Home is where the big suitcase is….

Hola Lovers of Random. I’m writing my latest Love Letter to you from {poolside atop the roof of my digs in beautiful Buenos Aires}{the workspace in Còrdoba}. Sometimes our accoms are total winners and {this}{last} month {is}{was} one of those months. But I’m not here to fill your heads with tales of Latin Love, as all I’ve really done here so far is sleep, and I’ve got far more to catch you up on than the {current}{last} month.

One question we get a lot as Remotes is where home is. Considering the only piece of my life from Birmingham that I kept was the amazing people I know there, and my family resides in a place I’ve never lived, I’ve maintained that home is where my big suitcase is – my home base for the month, usually my RY designated city. Once Earhart’s month in Chiang Mai ended, that statement became more – eh – fluid. I opted out of Kuala Lumpur as I embarked on my biggest travel stretch of the whole trip, so there was no place for my bag to reside while I hopped around Thailand, Malaysia, Indonesia and New Zealand. I carried it, and my sense of home with me over the past 6 weeks – a more difficult task that I had anticipated, and not just because of the weight of the suitcase.

Lantern Festival

A good number of us decided to stay over a couple of extra days in Chiang Mai to experience the Loy Krathong Festival (more widely known as the lantern festival) that took place the weekend of our transition. On Friday, we scootered down to the river and I watched as our crew launched their krathongs, an offering to the river goddess, before walking down to the main bridge where the lanterns are launched and setting fire to a few of our own.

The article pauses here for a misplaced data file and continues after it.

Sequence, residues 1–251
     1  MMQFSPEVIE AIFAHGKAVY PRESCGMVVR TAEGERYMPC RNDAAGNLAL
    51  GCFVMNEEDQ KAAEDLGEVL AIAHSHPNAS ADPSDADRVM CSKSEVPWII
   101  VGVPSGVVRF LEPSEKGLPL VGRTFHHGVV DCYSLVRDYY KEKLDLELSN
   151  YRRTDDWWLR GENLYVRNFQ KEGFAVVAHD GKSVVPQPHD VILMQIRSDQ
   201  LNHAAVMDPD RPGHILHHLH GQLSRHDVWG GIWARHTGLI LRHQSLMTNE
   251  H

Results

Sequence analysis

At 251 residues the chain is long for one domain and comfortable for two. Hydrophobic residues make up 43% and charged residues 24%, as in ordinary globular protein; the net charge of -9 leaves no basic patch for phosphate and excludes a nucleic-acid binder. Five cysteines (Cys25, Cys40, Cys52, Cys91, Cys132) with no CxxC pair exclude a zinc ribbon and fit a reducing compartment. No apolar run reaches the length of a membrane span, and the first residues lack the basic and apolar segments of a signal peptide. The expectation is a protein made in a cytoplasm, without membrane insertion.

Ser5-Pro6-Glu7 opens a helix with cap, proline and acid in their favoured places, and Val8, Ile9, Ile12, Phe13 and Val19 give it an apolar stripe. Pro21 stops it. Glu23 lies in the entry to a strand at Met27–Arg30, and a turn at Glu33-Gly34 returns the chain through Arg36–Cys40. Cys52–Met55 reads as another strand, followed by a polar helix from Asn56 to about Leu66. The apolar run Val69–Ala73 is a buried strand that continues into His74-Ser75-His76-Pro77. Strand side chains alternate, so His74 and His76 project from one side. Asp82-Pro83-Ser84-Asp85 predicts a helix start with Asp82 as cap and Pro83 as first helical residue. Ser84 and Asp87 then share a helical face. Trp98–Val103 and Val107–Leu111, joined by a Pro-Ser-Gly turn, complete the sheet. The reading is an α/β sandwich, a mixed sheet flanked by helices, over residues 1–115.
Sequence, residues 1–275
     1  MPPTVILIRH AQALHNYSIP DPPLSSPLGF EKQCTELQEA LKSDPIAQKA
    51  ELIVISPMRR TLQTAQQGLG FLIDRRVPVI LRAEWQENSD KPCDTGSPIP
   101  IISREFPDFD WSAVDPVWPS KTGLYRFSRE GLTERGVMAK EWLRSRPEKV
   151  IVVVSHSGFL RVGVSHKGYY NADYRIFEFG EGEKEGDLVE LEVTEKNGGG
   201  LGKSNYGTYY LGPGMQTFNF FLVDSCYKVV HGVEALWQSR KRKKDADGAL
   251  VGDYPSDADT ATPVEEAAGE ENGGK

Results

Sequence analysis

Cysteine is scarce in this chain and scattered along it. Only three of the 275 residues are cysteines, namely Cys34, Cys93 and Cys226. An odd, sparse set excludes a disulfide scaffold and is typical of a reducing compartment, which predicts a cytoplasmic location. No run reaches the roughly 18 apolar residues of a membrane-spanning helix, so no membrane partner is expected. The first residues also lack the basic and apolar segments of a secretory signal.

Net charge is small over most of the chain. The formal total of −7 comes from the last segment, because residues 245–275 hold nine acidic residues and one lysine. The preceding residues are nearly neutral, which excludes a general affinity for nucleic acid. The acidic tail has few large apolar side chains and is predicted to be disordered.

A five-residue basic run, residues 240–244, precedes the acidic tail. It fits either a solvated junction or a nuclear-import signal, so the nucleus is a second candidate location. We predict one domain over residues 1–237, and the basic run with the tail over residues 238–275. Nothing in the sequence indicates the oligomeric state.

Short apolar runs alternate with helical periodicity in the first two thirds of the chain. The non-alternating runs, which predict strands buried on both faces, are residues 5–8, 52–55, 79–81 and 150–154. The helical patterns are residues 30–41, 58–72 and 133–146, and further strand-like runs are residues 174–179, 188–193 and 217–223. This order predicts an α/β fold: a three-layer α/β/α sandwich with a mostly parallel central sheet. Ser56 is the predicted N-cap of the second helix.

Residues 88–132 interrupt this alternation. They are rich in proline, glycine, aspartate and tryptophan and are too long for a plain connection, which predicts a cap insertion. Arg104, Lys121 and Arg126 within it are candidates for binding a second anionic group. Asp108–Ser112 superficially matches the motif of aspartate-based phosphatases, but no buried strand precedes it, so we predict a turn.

The next morning was transition day, so while the majority of Earhart loaded up to take off for KL, Marky, Kiwi, Eddie and I stuck Duffs and our luggage in a Red Car and followed her on our scooters to our temporary CM home. Our second night of Festival included parade watching, scorpion eating and an semi successful attempt to launch 6 lanterns tied together (4 made it up). After we almost set ourselves on fire, we joined Meraki (another RY group) at an outdoor riverside bar with a band that played alternative hits from the 90s. Not wanting to miss out on a delicious city team recommendation, Duffs, Marky and I stumble our way to Midnight Chicken and gorge on fried meats before turning in for the night.